First things first: when referring to people in the abstract, I prefer words like "someone," "person," or "people." I dislike the word "resources," which, to me, evokes things like equipment, timber, and coalmines. OK. That's out of the way.
When team members have responsibilities to multiple teams, those teams all face risks. The unexpected happens. Priorities change. Schedules change. Time commitments cannot always be honored. We might try to schedule our efforts, but when team members belong to multiple teams, the plan and the reality are sometimes wildly different, even if the root cause of the trouble is elsewhere.
Here are four guidelines for sharing people more effectively than we often do.
- Front-load the activities of shared people
- Trouble sometimes arises in partner efforts. If resolving that trouble requires additional time from someone you share, you could lose access to that person. Moreover, even if the partner project goes smoothly, difficulties in other projects could result in schedule changes for the partner project, and the shared person might not be available at the time you scheduled.
- If possible, schedule your own efforts so that the work that shared people do happens early.
- Adjust effort estimates for interruption of flow
- During planning, when we estimate effort, we often assume that the person doing the work is doing nothing else. Since that assumption is invalid for people with divided responsibilities, and since juggling multiple assignments does have associated costs, our estimates tend to be lower than the actual time required.
- Make estimates that realistically account for the loss of time due to multiple assignments. When tracking actual effort data, track assignment multiplicity, too.
- Combine hours into the longest possible contiguous bursts
- To minimize Combine hours into the longest
possible contiguous burstslosses due to interruption of flow in the context of split assignments, combine hours of effort for each person into the largest possible contiguous chunks. Instead of one day per week for six weeks, schedule two days per week for three weeks, or four days in one week, and two days three weeks later.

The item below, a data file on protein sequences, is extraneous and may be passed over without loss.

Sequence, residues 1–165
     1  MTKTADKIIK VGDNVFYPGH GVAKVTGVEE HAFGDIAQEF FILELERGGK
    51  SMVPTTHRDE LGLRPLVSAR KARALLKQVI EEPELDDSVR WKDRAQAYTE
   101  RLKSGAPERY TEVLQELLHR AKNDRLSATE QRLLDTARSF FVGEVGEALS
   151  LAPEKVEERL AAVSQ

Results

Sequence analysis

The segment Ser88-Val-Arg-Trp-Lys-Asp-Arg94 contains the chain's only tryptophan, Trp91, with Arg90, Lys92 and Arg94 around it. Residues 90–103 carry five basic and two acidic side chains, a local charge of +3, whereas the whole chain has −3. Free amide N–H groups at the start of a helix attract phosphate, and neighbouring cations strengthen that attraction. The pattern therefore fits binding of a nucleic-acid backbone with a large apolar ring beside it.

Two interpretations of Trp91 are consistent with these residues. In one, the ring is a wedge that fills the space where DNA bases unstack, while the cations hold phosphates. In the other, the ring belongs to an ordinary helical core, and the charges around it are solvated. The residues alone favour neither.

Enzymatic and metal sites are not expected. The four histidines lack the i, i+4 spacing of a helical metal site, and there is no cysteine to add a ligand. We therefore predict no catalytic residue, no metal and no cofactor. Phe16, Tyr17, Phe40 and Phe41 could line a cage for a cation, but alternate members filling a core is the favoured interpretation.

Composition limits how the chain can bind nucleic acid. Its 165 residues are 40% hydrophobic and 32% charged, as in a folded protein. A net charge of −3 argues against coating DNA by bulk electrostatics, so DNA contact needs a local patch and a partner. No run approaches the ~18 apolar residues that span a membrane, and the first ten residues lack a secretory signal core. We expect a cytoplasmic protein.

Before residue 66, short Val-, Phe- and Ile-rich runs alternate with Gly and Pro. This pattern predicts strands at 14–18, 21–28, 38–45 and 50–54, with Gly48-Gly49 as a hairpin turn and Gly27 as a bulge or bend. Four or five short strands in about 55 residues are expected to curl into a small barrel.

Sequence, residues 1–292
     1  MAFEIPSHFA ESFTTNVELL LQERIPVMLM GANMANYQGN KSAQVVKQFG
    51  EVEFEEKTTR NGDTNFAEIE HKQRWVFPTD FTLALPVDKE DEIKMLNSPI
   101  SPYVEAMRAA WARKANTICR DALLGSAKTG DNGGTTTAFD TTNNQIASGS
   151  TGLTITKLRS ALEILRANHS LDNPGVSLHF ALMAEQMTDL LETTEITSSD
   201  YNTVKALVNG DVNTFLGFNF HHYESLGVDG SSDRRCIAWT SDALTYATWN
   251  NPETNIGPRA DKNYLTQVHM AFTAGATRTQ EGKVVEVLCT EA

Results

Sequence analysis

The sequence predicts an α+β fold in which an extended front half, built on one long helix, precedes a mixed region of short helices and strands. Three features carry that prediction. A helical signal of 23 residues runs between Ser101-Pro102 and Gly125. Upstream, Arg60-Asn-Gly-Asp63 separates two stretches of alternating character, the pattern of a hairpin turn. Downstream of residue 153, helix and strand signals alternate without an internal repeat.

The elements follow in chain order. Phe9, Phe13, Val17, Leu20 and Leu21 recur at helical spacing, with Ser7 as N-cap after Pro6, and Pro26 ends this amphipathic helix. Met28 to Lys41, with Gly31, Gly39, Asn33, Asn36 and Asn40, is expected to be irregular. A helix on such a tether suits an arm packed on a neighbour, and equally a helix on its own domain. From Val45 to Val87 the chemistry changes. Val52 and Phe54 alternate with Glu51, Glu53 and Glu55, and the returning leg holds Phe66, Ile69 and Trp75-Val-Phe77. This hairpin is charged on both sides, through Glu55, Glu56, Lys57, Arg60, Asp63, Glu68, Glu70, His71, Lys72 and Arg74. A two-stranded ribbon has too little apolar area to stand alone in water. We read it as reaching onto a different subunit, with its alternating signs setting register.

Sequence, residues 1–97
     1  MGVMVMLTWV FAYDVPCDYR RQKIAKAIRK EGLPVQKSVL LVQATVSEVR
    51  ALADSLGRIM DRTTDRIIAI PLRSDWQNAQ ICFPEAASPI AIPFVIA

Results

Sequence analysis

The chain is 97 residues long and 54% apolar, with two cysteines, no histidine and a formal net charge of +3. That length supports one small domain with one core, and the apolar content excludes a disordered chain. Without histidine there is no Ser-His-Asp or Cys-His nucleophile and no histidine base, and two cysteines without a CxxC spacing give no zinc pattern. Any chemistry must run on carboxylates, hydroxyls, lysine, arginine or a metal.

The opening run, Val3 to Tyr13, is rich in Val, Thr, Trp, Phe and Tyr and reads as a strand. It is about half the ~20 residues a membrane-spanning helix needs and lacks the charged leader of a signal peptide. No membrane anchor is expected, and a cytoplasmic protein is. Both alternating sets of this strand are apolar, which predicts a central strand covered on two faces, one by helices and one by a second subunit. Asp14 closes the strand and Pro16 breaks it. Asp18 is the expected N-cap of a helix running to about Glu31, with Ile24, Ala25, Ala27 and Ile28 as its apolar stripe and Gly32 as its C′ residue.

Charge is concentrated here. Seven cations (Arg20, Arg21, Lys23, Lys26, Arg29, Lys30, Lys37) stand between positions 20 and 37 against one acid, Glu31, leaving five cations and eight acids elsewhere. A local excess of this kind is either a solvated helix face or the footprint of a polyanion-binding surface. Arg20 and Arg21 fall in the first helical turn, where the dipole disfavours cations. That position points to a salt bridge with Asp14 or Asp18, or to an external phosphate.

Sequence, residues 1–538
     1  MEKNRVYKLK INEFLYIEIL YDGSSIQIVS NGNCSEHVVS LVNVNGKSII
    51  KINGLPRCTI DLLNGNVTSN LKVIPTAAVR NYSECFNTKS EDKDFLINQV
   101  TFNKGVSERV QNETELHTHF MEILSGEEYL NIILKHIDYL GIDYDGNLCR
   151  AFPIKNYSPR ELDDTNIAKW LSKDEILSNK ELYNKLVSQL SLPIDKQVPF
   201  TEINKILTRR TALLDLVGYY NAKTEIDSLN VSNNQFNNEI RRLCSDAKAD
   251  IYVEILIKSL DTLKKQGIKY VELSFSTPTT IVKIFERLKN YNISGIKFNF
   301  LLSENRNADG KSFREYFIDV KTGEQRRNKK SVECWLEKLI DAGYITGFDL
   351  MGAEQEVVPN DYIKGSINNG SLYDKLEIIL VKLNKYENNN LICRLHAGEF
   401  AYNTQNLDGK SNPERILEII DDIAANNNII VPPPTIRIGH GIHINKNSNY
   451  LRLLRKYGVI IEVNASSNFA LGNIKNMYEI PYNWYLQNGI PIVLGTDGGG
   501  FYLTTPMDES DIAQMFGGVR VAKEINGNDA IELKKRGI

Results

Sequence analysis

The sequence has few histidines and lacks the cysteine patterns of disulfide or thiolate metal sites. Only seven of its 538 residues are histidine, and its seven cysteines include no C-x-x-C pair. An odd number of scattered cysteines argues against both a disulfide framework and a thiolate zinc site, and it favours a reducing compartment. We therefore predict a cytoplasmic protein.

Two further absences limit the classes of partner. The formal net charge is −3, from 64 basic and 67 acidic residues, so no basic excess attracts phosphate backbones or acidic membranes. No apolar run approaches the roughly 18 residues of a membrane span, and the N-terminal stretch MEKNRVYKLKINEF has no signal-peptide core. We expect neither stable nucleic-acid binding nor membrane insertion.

- You might have to negotiate with partner team leads, but when they understand the advantages of contiguous bursts, the negotiations are likely to be smooth.
- Avoid the "MS Project flat rate syndrome"
- Planners tend to use as weekly effort estimates for each person, the total estimated effort for each person divided by the task duration in weeks. Rarely does work actually proceed in this way. Even if it did, such a pattern maximizes the losses due to multiple assignments, because it maximally interrupts flow.
- Actual work is usually performed in bursts. Use your project planning software to schedule those bursts.
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More articles on Project Management:
- Seeing Through the Fog
- When projects founder, we're often shocked — we thought everything was moving along smoothly.
Sometimes, with the benefit of hindsight, we can see that we had — or could have had — enough
information to determine that trouble was ahead. Somehow it was obscured by fog. How can we get better
at seeing through the fog?
- Communication Traps for Virtual Teams: II
- Communication can be problematic for any team, especially under pressure. But virtual teams face challenges
that are less common in face-to-face teams. Here's Part II of a little catalog with some recommendations.
- On the Risk of Undetected Issues: II
- When things go wrong and remain undetected, trouble looms. We continue our efforts, increasing investment
on a path that possibly leads nowhere. Worse, time — that irreplaceable asset — passes.
How can we improve our ability to detect undetected issues?
- Some Risks of Short-Term Fixes
- When we encounter a problem at work, we must choose between short-term fixes (also known as workarounds)
and long-term solutions. Often we choose workarounds without appreciating the risks we're accepting
— until too late.
- The Planning Fallacy and Self-Interest
- A well-known cognitive bias, the planning fallacy, accounts for many unrealistic estimates of project
cost and schedule. Overruns are common. But another cognitive bias, and organizational politics, combine
with the planning fallacy to make a bad situation even worse.
Forthcoming issues of Point Lookout
- Coming February 8: Kerfuffles That Seem Like Something More
- Much of what we regard as political conflict is a series of squabbles commonly called kerfuffles. They captivate us while they're underway, but after a month or two they're forgotten. Why do they happen? Why do they persist? Available here and by RSS on February 8.
- And on February 15: Four Razors for Organizational Behavior
- Deviant organizational behavior can harm the people and the organization. In choosing responses, we consider what drives the perpetrators. Considering Malice, Incompetence, Ignorance, and Greed, we can devise four guidelines for making these choices. Available here and by RSS on February 15.
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